Abbey of Saint-Benoît-du-Lac / Saint-Gilbert-Entre-les-Loups

This was the near mythical monastery of Saint-Gilbert-Entre-les-Loups. The home of two dozen cloistered, contemplative monks. Who had built their abbey as far from civilization as they could get.

It has taken hundreds of years for civilization to find them, but the silent monks had had the last word.

Twenty-four men had stepped beyond the door. It had closed. And not another living soul had been admitted.

Until today. (The Beautiful Mystery, Chapter Two)

monk of Saint-Benoît-du-LacAmong the most memorable—and visually stunning!—real places in Louise Penny’s canon is the Abbey of Saint-Benoît-du-Lac, the locale that inspired the fictional Saint-Gilbert-Entre-les-Loups. The religious affiliation and events of the book bear no resemblance to the Benedictine Monks of the real abbey, as explained by Louise: “it became clear in researching [The Beautiful Mystery] that I couldn’t set the book in a monastery, or even an order, that really existed, so I dug into history and found the Gilbertines, an order that actually once existed, but went extinct.”

Situated on the shores of Lake Memphremagog, the real abbey was built in 1912 by Benedictine Monks fleeing the anti-clerical laws in France. The magnificent monastery was commissioned in 1938 with plans provided by the renowned architect and fellow monk, Dom Paul Bellot.

The monks themselves, numbering about 50 in all, devote themselves to obedience and prayer, and are keen practitioners of Gregorian Chant (See the video below).

While very cerebral and spiritual, the Benedictines believe “one must live by the work of one’s hands.” The monks operate their own orchard and cheese factory and the products of their harvest can be purchased at the Boutique de L’Abbaye. Don’t miss “Le Moine,” a cheese very similar to gruyere or the “Bleu Bénédictin,” a soft blue cheese. They also make superb ciders from their own apples—a sweet non-alcoholic blend and their specialty, Le Kir Abbatial, which is a hard cider that pairs exceptionally well with desserts.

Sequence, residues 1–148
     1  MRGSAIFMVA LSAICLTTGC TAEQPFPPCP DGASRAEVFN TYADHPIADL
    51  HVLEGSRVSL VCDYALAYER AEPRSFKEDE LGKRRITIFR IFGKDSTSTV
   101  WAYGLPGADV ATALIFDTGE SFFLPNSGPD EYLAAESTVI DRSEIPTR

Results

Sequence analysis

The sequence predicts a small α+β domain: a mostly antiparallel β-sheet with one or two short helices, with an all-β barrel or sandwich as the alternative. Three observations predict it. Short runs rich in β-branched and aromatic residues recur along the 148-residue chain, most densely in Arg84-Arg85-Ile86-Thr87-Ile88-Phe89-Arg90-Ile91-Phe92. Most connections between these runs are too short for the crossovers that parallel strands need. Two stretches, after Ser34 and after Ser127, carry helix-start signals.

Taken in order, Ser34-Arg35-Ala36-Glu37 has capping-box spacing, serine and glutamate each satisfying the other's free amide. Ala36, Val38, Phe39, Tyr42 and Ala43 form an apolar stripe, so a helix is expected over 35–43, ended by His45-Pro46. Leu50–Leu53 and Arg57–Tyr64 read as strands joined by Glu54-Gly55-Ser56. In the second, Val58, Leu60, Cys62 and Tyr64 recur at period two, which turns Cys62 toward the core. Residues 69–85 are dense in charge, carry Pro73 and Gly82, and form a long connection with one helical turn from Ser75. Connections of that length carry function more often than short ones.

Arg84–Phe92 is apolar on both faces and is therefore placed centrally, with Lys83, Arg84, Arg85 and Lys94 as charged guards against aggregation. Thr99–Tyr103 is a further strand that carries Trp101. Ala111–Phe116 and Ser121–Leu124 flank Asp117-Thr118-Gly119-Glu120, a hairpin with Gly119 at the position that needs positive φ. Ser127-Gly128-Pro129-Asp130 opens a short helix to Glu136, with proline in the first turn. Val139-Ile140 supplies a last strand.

If you’re planning on visiting the abbey, make a day of it. Walk the exquisite grounds, attend a mass—whether you’re secular or religious—there’s nothing quite like it; admire the architecture of the Abbey itself; or, if you’re really in search of solitude, stay the night!

For more information, please visit:

Music is a central theme in The Beautiful Mystery. In fact, Louise has said, “a piece of music can transport us to another place and time, and not just evoke that memory, but the emotion. It can inspire great courage, and reduce us to tears.”

Did the Gregorian Chant of the Benedictine Monks evoke any memories and emotions for you?

The Beautiful Mystery is the first of Louise’s books set wholly outside of Three Pines. How did you feel about this?

Discussion on “Abbey of Saint-Benoît-du-Lac / Saint-Gilbert-Entre-les-Loups

  1. Susan Allen says:

    have been to this Abbey many times and you are so right, it is magical!

  2. Karen Wolf says: